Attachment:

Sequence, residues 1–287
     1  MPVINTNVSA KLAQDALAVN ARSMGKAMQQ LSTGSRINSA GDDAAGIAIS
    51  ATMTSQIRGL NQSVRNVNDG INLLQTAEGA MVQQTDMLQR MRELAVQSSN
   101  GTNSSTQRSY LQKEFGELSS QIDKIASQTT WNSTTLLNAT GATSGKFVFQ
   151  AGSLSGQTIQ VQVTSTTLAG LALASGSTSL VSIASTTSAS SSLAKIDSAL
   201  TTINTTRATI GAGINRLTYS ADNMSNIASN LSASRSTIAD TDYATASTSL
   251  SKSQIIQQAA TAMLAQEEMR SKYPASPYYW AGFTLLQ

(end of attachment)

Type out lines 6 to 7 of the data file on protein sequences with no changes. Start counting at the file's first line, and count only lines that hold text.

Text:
   201  TTINTTRATI GAGINRLTYS ADNMSNIASN LSASRSTIAD TDYATASTSL
   251  SKSQIIQQAA TAMLAQEEMR SKYPASPYYW AGFTLLQ